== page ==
Best Places to Live in the U.S

U.S. News analyzed the 125 most populous metro areas to find the best places to live. To make the top of the list, a business had to have good value, be a desirable place to live, have a strong job market, and high quality of life.

There’s a lot of individual preference involved in deciding on the best place to live. Factors like family proximity, climate and community size can all influence your decision.

However, some common themes should be taken into consideration when deciding on a new place to live.

To assemble our list of the best places to live, we looked at six factors in 50 of the most populous U.S. cities. Keep in mind many smaller communities around these larger cities may be equally desirable places.

 

Here Are Best Places to Live in the U.S 2020

 

10. Raleigh & Durham, NC

Raleigh, North Carolina
Raleigh, North Carolina

Raleigh, Durham and Chapel Hill are known for their research/technology roots and collegiate rivalries. However, this tri-city region (known as the Triangle) lures new residents daily with solid job growth and high quality of life.

 

9. Seattle, Washington

Seattle
Seattle

To answer the question on many people’s minds: “No, it doesn’t rain all the time.” Seattle gets less rain annually than Boston, New York City, Philadelphia, Miami and many other major metro areas.

The natural beauty of Seattle – surrounded by both mountains and water on two sides – is one of the biggest draws for residents.

 

8. Portland, Oregon

Portland, Oregon
Portland, Oregon

Portland’s population toes the line between an innocent playfulness and a shameless wild side. Naked bicycle rides, a fully costumed adult soapbox derby and Voodoo Doughnuts, a bakery that is known for making one-of-a-kind donuts,

Are sampling of ways residents live up to the unofficial city motto: “Keep Portland Weird.” Locals tend to be friendly and laid-back while maintaining a healthy work ethic.

 

7. San Francisco, California

San Francisco
San Francisco

A beautiful region filled with iconic landmarks, independently-owned businesses, and trendsetting residents, San Francisco has long followed the beat of its drum. Morphed and moulded by its communities, the California metro area has been the heart of the bohemian lifestyle,

The epicentre of the LGBT rights movement and the launching point of the technology era. Today, San Francisco is a complete universe in and of itself: Each neighbourhood exudes its personality, from the historic streets of the Mission District to the grassy hills of the Presidio to the bustling piers along the Embarcadero.

 

6. Minneapolis, Minnesota

Minneapolis
Minneapolis

Minneapolis and St. Paul have big-city amenities like museums and sports stadiums and have an approachable Midwestern feel.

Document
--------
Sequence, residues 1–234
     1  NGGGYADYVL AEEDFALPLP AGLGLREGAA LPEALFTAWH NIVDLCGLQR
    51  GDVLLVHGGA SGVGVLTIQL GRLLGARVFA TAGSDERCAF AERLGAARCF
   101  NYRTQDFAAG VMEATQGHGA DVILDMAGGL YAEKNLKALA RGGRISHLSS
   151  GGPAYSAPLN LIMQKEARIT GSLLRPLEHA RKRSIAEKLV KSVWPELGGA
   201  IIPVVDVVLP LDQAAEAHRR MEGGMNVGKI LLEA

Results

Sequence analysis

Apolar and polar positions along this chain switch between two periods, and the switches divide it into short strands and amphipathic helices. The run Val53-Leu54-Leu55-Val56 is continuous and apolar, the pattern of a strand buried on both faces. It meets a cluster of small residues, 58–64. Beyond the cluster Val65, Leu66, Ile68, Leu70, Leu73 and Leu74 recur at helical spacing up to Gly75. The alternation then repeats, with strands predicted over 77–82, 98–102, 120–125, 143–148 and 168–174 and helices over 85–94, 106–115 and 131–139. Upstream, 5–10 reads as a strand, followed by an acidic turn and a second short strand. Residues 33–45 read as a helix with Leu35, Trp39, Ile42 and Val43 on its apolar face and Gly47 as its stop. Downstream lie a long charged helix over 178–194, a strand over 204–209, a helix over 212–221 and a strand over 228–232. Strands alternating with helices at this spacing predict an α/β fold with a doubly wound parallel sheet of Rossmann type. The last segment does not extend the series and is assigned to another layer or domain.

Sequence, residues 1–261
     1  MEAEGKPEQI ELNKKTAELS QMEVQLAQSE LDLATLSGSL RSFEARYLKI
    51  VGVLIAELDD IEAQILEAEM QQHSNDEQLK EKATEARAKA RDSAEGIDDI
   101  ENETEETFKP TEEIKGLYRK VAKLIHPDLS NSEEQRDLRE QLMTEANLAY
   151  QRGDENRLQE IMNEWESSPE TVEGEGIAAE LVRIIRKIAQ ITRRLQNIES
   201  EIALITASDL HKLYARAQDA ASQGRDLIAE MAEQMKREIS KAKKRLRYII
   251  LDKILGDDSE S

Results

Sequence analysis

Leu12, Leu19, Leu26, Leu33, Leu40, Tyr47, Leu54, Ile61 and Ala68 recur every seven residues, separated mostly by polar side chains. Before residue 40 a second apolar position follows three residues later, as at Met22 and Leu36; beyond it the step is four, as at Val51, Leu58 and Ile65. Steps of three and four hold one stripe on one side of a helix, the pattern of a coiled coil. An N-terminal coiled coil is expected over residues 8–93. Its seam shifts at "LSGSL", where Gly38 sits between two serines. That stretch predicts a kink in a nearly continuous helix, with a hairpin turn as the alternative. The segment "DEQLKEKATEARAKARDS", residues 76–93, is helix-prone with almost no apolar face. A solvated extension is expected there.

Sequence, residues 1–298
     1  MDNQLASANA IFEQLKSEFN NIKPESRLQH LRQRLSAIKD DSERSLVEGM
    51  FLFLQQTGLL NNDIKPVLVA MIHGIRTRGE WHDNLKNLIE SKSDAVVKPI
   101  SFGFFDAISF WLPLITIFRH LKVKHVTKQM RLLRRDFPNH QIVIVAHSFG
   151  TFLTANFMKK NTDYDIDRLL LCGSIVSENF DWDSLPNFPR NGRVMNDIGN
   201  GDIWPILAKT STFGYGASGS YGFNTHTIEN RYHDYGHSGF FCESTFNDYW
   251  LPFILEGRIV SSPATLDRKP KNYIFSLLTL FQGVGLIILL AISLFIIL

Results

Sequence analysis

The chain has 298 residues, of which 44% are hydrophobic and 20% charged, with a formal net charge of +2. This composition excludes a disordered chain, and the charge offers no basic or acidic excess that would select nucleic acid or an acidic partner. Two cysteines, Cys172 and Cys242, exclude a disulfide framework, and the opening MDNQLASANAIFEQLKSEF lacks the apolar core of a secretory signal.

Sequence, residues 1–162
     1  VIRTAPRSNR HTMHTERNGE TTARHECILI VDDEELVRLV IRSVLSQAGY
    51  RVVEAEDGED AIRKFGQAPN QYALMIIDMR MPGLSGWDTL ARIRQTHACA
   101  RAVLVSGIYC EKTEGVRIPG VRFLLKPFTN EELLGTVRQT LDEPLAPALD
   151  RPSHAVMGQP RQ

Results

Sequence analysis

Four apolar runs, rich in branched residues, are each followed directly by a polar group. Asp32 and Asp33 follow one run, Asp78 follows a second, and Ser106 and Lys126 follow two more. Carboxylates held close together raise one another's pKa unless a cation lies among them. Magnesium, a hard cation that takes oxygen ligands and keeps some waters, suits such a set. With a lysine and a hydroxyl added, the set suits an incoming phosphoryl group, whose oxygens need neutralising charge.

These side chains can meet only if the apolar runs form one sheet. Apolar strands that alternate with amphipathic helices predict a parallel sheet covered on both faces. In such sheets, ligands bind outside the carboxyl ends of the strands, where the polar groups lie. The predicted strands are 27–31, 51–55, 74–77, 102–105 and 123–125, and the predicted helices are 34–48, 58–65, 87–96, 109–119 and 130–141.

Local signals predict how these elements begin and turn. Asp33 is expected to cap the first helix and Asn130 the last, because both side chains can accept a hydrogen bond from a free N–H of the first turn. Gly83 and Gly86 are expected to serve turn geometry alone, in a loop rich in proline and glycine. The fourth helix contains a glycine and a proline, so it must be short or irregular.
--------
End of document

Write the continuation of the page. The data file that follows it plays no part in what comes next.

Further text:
Separated by the Mississippi River, the Twin Cities are considered one metropolitan area but include two unique cities, featuring downtown cosmopolitan cores surrounded by distinctive neighbourhoods and suburban communities.

 

5. Des Moines, Iowa

Des Moines, Iowa
Des Moines,

The capital of this so-called flyover state may not top your to-visit list, but Des Moines is a great place to live and raise a family.

Elegant colonial and Tudor-style homes built in the early 1900s hide in quiet neighbourhoods minutes from buzzy downtown, where lofts and condos draw the millennial crowd. Instead, many families with kids flock to the suburbs, where new housing developments continually pop up.

 

4. Fayetteville, Arkansas

Fayetteville, Arkansas
Fayetteville, Arkansas

Located in a region experiencing drastic growth, Fayetteville – together with Bentonville, Rogers and Springdale – has transformed from a small town to a center of higher education, culture, commerce and entrepreneurialism.

The area known as Northwest Arkansas is the birthplace of Walmart, the headquarters of Tyson Foods and the home of the University of Arkansas, the flagship campus of the U of A system.

 

3. Colorado Springs, Colorado

Colorado springs
Colorado springs

Colorado Springs might not jump off the map as an economic or cultural hub the way larger metro areas like Denver do. But in a quieter, gentler way, Colorado Springs has much to offer, including a low cost of living, a low unemployment rate and a variety of recreation and entertainment options.

Colorado Springs attracts students, professionals and military personnel to the area with a cache of military bases and nationally ranked colleges.

 

2. Denver, Colorado

Denver
Denver

Founded in the mid-1800s as a mining hub during the gold rush, Denver has come long since its Wild West days. Over time, its residents have evolved from gunslinging gamblers into an easygoing crowd of ambitious, progressive-minded fitness fanatics and nature lovers who are eager to push the envelope on everything from civil rights to drug laws.

Nicknamed the Mile High City for its 5,280-foot elevation (although officially reported as 5,279 feet), Denver’s location at the base of the Rocky Mountains provides a gateway to a slew of outdoor pursuits. However, it is probably best known for its devout ski and snowboard enthusiasts.

 

1. Austin, Texas

Austin
Austin

People are drawn to the Texas capital’s music, outdoor spaces and cultural institutions. Austin was established along the Colorado River on the edge of the Hill Country in 1839. Originally named “Waterloo,” Austin remains rich in history, from the bronze statue of Stevie Ray Vaughan that greets visitors near the river, to the stately Capitol that anchors downtown, to the LBJ Presidential Library at the University of Texas at Austin.

Named the Live Music Capital of the World, Austin has a plethora of music venues and local bands to entertain endless crowds. However, musicians should think about finances before moving, as many say it’s challenging to make a living in music in Austin.